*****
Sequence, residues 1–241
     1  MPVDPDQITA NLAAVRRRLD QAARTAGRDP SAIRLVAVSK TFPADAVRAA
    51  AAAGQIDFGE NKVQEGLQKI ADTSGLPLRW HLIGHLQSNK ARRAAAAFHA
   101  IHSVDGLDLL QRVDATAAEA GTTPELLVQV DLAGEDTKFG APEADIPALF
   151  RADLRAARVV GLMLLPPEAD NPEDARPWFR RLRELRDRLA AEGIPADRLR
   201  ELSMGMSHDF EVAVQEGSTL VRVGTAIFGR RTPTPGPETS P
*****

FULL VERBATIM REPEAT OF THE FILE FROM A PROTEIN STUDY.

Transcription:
Sequence, residues 1–241
     1  MPVDPDQITA NLAAVRRRLD QAARTAGRDP SAIRLVAVSK TFPADAVRAA
    51  AAAGQIDFGE NKVQEGLQKI ADTSGLPLRW HLIGHLQSNK ARRAAAAFHA
   101  IHSVDGLDLL QRVDATAAEA GTTPELLVQV DLAGEDTKFG APEADIPALF
   151  RADLRAARVV GLMLLPPEAD NPEDARPWFR RLRELRDRLA AEGIPADRLR
   201  ELSMGMSHDF EVAVQEGSTL VRVGTAIFGR RTPTPGPETS P